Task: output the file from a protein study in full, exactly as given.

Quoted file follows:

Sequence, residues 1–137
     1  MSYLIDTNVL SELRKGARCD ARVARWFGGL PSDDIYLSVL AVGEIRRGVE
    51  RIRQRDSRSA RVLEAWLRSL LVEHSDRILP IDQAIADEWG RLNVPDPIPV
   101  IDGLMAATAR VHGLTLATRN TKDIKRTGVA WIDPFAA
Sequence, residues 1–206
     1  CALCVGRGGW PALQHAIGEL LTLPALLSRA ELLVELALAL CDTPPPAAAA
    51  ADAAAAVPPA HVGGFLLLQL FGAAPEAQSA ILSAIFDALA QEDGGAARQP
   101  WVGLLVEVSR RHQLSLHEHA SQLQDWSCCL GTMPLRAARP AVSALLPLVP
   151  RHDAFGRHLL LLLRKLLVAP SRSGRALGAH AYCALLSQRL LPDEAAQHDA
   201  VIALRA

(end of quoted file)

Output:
Sequence, residues 1–137
     1  MSYLIDTNVL SELRKGARCD ARVARWFGGL PSDDIYLSVL AVGEIRRGVE
    51  RIRQRDSRSA RVLEAWLRSL LVEHSDRILP IDQAIADEWG RLNVPDPIPV
   101  IDGLMAATAR VHGLTLATRN TKDIKRTGVA WIDPFAA
Sequence, residues 1–206
     1  CALCVGRGGW PALQHAIGEL LTLPALLSRA ELLVELALAL CDTPPPAAAA
    51  ADAAAAVPPA HVGGFLLLQL FGAAPEAQSA ILSAIFDALA QEDGGAARQP
   101  WVGLLVEVSR RHQLSLHEHA SQLQDWSCCL GTMPLRAARP AVSALLPLVP
   151  RHDAFGRHLL LLLRKLLVAP SRSGRALGAH AYCALLSQRL LPDEAAQHDA
   201  VIALRA